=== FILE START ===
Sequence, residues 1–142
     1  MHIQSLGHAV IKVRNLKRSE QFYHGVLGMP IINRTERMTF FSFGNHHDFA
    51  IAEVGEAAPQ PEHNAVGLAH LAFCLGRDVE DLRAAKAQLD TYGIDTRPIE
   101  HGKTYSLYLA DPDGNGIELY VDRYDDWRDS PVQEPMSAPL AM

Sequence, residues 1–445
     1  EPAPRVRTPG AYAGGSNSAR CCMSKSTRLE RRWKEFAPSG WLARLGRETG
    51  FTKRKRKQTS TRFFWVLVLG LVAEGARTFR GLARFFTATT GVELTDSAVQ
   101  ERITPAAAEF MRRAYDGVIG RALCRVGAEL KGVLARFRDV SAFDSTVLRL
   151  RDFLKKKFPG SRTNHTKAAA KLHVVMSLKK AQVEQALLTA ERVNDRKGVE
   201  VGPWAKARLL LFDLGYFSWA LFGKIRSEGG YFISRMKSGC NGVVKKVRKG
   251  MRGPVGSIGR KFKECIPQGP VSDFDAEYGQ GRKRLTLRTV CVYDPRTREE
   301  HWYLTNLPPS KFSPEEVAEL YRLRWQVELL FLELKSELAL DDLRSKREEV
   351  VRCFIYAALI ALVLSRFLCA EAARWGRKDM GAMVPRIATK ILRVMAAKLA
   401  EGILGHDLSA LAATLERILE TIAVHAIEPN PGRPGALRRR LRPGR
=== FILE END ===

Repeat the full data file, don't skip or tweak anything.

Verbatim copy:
Sequence, residues 1–142
     1  MHIQSLGHAV IKVRNLKRSE QFYHGVLGMP IINRTERMTF FSFGNHHDFA
    51  IAEVGEAAPQ PEHNAVGLAH LAFCLGRDVE DLRAAKAQLD TYGIDTRPIE
   101  HGKTYSLYLA DPDGNGIELY VDRYDDWRDS PVQEPMSAPL AM

Sequence, residues 1–445
     1  EPAPRVRTPG AYAGGSNSAR CCMSKSTRLE RRWKEFAPSG WLARLGRETG
    51  FTKRKRKQTS TRFFWVLVLG LVAEGARTFR GLARFFTATT GVELTDSAVQ
   101  ERITPAAAEF MRRAYDGVIG RALCRVGAEL KGVLARFRDV SAFDSTVLRL
   151  RDFLKKKFPG SRTNHTKAAA KLHVVMSLKK AQVEQALLTA ERVNDRKGVE
   201  VGPWAKARLL LFDLGYFSWA LFGKIRSEGG YFISRMKSGC NGVVKKVRKG
   251  MRGPVGSIGR KFKECIPQGP VSDFDAEYGQ GRKRLTLRTV CVYDPRTREE
   301  HWYLTNLPPS KFSPEEVAEL YRLRWQVELL FLELKSELAL DDLRSKREEV
   351  VRCFIYAALI ALVLSRFLCA EAARWGRKDM GAMVPRIATK ILRVMAAKLA
   401  EGILGHDLSA LAATLERILE TIAVHAIEPN PGRPGALRRR LRPGR